Leftovers make you eat more and exercise less

<pre><pre>Leftovers make you eat more and exercise less

Getting a bag of leftover dog food can reduce food waste, but it can derail your diet and exercise goals, according to a new study.

Many dieters try to keep fit by eating only some of their food, saving the rest for later.

However, marketing researchers at the University of Michigan have found that this often leaves people with the false impression that they "eat less," which means they are "rewarded" with extra food or skipping the gym.

This problem is becoming increasingly worrying as portion sizes grow, and those who "just eat half" of their food continue to consume a lot of calories.

"We know that increasing portion sizes increase consumption, but excessively expanded portions also cause consumers to face more leftovers," said Aradhna Krishna, a marketing professor at the Ross Business School at the University of Michigan. .

Krishna and co-author Linda Hagen of the University of Southern California conducted five studies to see how leftovers can bias our perception of our own eating habits.

In general, no matter how much food someone ate in their first session, if the portion left over was large, they seemed to think they had not eaten too much.

That misconception had a direct effect on a person's lifestyle in the hours and days that followed.

People with larger debris were more likely to indulge in unhealthy snacks and larger portions in the meals that followed, because they felt they had been "won."

In the same sense, a person with a large portion left over felt less motivated to exercise than someone who left nothing, even if the two ate the same.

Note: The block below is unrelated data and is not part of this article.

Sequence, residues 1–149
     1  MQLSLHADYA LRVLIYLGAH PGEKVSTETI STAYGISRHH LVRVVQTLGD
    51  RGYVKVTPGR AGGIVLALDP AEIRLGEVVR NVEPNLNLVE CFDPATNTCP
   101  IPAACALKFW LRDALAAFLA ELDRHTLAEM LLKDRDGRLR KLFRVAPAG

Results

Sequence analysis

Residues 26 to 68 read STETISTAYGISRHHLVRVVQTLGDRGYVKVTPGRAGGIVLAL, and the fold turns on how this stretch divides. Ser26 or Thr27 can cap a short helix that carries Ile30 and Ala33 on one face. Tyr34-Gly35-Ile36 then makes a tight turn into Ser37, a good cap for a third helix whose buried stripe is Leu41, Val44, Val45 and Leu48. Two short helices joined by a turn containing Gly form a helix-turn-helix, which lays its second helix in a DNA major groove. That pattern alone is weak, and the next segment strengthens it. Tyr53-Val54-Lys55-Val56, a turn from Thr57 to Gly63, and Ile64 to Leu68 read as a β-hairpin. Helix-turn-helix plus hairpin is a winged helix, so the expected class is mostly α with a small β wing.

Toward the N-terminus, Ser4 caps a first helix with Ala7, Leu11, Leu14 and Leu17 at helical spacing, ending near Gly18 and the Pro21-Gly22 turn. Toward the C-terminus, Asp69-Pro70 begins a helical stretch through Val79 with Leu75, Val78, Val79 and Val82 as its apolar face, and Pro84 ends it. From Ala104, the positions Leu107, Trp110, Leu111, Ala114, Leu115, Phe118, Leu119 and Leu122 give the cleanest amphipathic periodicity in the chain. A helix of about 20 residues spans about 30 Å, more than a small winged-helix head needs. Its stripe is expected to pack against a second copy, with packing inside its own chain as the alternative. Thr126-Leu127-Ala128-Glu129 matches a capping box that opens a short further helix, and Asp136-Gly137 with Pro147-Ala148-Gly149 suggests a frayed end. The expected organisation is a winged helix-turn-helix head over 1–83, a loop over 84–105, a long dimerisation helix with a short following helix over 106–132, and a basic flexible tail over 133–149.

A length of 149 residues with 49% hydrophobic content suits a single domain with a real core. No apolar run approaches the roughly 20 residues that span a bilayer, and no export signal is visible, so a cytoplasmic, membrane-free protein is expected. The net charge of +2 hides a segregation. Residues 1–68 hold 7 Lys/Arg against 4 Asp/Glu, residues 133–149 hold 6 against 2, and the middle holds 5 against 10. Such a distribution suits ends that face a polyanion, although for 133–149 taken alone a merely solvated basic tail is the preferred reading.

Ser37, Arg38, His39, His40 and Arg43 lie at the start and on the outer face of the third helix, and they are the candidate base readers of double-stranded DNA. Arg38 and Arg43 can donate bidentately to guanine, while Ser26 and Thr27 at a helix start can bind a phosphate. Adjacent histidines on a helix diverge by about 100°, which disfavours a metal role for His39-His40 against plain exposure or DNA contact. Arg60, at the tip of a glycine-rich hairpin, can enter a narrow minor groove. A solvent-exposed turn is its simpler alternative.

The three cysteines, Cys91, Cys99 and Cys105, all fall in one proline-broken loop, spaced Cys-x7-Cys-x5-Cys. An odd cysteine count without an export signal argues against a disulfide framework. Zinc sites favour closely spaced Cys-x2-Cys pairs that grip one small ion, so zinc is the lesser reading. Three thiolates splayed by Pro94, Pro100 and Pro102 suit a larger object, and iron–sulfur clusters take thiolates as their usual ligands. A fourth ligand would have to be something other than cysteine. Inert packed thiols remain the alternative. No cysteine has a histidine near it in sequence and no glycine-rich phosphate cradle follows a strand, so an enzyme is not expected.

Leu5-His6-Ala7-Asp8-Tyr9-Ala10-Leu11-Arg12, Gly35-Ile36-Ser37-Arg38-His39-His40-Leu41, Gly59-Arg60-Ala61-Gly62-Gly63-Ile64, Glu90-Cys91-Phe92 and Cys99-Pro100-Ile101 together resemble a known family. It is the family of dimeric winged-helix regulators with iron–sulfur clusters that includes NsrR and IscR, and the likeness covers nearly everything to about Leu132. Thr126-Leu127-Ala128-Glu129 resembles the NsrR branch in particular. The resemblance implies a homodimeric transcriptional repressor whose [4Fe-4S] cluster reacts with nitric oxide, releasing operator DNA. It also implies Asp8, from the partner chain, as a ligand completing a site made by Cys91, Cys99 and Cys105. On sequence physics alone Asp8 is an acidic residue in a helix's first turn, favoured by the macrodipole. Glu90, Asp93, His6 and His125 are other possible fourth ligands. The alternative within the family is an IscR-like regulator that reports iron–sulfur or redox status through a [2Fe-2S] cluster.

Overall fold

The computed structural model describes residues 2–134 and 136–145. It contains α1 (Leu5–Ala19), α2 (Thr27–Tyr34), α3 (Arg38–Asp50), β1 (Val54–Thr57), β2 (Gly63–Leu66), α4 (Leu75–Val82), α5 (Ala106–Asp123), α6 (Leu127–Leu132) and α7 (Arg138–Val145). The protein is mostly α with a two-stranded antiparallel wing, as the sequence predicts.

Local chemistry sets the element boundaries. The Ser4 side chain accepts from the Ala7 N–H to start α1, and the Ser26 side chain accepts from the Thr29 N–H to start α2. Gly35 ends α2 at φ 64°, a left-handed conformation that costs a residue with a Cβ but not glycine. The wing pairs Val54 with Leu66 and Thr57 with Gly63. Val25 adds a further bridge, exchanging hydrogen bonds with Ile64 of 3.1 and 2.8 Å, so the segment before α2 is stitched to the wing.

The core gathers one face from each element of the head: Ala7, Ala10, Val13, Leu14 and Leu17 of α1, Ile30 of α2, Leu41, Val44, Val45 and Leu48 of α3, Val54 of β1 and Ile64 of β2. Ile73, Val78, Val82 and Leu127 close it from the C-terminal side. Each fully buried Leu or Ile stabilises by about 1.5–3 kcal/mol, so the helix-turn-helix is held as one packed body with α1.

"The psychological factors of this phenomenon are two," said Hagen.

& # 39; Larger leftovers reduce perceived consumption, which leads people to feel better about themselves. And feeling better about themselves, in turn, reduces people's motivation to compensate. "

The United States has always been known for giving its rotund population more for its money, and more and more.

In the last 25 years, the average serving size in any given establishment has doubled or tripled.

Bagels are now six inches wide, not three; a medium bag of popcorn is 11 cups, not five; and a soft drink is 20 ounces, not 6.5.

Americans are not necessarily eating more in an environment. A study by other researchers found that when serving sizes increase by 100 percent, people only eat 35 percent more.

However, that means that their leftover portions are growing, and Krishna and Hagen warn that it also affects us.

"This study demonstrates that even leftovers derived from these expanded portions can affect consumption later, broadening the scope of portion size research and highlighting the complex ways in which enlarged portions can influence consumption behaviors," said Krishna. .

"Our research reveals that uneaten foods can have a significant influence on perceptions, affect, motivation and important behavior related to people's health."